Turkish Neurosurgery
Surgical outcomes of subaxial cervical fractures in patients with ankylosing spinal disorder
ali ihsan ökten1, ali arslan1, ismail iştemen1, vedat açık1, barış arslan2, semih kıvanç olguner1, yurdal gezercan1
1adana city hospital, neurosurgery, adana,
2adana city hospital, Anesthesia and Intensive Care, adana,
DOI: 10.5137/1019-5149.JTN.31174-20.2

Aim:Ankylosing spinal disorder (ASD) causes the progressive ossification of the spinal column. The most frequent fractures in the spine in patients with ASD are in the subaxial, cervical, and cervicothoracic junctions. The purpose of this study is to evaluate the patient groups with ASD in terms of patients’ characteristics, applied surgical approaches, and the outcomes. Material and Methods:Between 2008-2019, 50 ASD patients (35–80 years) were operated on subaxial cervical fracture. The mean follow-up time was 48 months. According to the surgical approach, the patients were divided into three groups: patients who only underwent anterior fusion [AF] group, patients who only underwent posterior fusion [PF] group, and patients who underwent anteroposterior fusion [APF] group. In this retrospective study, we examined the patients’ files and outpatient checks to evaluate the history, operations, neurological results, and complications in cases.Results:After undergoing respective surgical interventions, 1 of the 7 patients in the AF group (14%), 2 of the 18 patients in the PF group (18%), and 3 of the 25 patients in the APF group (12%) died. The postoperative American Spinal Injury Association scores were statistically better in all groups than in the preoperative scores. Among the surgical interventions, improvement in the APF group was significantly better than in other groups.Conclusion:Although there is a higher amount of surgery related complications in the APF group, the biomechanical and clinical results are better than the other two surgical interventions.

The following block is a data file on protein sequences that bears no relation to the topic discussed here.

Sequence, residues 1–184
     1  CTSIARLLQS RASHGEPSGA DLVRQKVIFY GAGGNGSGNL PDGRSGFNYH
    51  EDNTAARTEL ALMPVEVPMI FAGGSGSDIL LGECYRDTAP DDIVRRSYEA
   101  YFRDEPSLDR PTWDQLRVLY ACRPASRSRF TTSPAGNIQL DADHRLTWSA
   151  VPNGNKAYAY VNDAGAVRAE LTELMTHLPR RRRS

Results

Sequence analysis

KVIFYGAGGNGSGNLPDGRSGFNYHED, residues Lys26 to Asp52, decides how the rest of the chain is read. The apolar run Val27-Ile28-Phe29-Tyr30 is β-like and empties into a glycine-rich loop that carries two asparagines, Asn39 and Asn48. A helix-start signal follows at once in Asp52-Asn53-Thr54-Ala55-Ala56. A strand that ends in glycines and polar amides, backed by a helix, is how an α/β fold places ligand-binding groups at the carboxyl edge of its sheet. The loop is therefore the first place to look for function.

Corresponding author : ali arslan